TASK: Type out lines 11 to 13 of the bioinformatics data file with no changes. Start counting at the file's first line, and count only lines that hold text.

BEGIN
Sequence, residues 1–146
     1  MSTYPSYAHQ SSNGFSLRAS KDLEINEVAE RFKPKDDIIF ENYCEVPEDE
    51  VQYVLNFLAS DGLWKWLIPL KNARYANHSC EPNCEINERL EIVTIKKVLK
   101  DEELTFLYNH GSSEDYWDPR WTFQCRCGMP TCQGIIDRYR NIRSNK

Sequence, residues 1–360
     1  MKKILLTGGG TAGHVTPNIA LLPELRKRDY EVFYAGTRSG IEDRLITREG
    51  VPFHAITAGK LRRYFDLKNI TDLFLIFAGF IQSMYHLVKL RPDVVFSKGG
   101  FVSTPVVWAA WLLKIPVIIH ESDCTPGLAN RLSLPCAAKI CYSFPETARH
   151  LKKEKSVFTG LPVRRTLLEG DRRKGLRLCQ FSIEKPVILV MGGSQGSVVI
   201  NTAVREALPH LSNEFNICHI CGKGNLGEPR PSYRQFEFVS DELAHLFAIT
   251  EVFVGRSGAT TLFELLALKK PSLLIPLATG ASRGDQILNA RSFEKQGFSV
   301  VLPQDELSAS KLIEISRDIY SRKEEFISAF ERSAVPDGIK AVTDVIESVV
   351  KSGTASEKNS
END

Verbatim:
   251  EVFVGRSGAT TLFELLALKK PSLLIPLATG ASRGDQILNA RSFEKQGFSV
   301  VLPQDELSAS KLIEISRDIY SRKEEFISAF ERSAVPDGIK AVTDVIESVV
   351  KSGTASEKNS